India’s Tata Group is perhaps the most successful of its mega corporations. It goes way back: It built the nation’s first steel mill, the first power plant, and the first airline. Tata has been in the news recently for designing and building a car that costs only $2,000 (and no, I didn’t leave off a zero!)
Business Week magazine reports* that Tata has made innovation a priority almost ever since India’s economy was opened up in 1991. Before that, Tata and other Indian companies had been protected from international competition, and Tata new they’d need to step up their game in the absence of this protection. It’s worked; so what are they doing to innovate?
1. Senior leadership is committed to innovation. Chairman Ratan Tata made it a personal priority for the company. Then, he created a 12-member panel of senior executives that’s called the Tata Group Innovation Forum (TGIF–not sure I like this particular acronym in this context!)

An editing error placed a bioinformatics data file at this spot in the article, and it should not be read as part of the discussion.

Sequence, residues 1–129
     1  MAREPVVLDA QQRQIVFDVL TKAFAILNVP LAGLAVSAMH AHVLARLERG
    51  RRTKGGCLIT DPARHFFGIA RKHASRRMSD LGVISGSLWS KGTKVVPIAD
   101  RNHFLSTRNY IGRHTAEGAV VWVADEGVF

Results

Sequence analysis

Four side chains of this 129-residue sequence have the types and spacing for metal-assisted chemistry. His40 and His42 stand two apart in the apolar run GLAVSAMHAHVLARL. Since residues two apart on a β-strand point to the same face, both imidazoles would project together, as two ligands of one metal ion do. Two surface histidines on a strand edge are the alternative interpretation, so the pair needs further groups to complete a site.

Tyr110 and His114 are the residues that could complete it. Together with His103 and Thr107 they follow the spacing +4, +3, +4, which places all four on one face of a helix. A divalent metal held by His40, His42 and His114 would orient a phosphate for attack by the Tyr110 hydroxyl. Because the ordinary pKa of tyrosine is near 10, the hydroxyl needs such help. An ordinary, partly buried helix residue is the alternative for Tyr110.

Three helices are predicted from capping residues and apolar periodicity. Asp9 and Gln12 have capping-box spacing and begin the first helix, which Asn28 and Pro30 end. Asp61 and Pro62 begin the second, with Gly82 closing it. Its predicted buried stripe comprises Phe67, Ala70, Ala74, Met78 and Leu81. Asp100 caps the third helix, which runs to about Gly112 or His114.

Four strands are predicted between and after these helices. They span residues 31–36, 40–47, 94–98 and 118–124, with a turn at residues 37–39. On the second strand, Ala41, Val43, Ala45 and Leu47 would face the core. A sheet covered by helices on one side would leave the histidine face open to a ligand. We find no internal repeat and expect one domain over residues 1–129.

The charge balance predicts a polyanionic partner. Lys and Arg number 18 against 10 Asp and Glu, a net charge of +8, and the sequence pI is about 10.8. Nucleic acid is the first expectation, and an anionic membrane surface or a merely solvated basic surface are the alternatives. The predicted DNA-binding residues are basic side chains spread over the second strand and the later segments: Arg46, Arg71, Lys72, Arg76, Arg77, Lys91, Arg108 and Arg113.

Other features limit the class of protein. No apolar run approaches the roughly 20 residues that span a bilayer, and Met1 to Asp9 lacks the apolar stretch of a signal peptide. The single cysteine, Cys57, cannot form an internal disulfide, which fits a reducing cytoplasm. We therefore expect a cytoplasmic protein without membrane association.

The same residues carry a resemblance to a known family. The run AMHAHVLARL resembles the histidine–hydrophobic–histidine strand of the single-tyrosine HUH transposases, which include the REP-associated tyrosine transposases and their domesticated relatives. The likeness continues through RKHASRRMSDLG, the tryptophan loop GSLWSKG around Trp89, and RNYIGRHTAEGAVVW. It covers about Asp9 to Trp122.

2. Tata established formal systems for collecting, evaluating, and harvesting ideas. They created multiple channels; small ideas are funded by the business unit; bigger ideas go to one of the company’s 19 innovation labs (research centers that are each focused on one technology or one sector); some ideas are funded by an incubator fund out of the CTO’s office.
3. Innovation is built into the annual review process and professional development process: it’s one of 9 categories of evaluation, and employees receive training (in the leadership institute and in a four-day Technovator workshop, for example).
4. The all-important “slack time” is available: 5 hours a week are available for personal projects. This could be developing an idea, but it could also be learning a new skill.
5. Social networking supports the process: an internal Digg-like social network called IdeaMax lets anyone submit an idea, and everyone can comment on and vote on all of the ideas. CTO Ananth Krishnan reviews the top 10 ideas every quarter.
All of this is working: ten percent of last year’s revenues came from innovation. One half of their customers can describe something about their product that is innovative.
*Jessie Scanlon, “How to build a culture of innovation. ” August 19, 2009 Business Week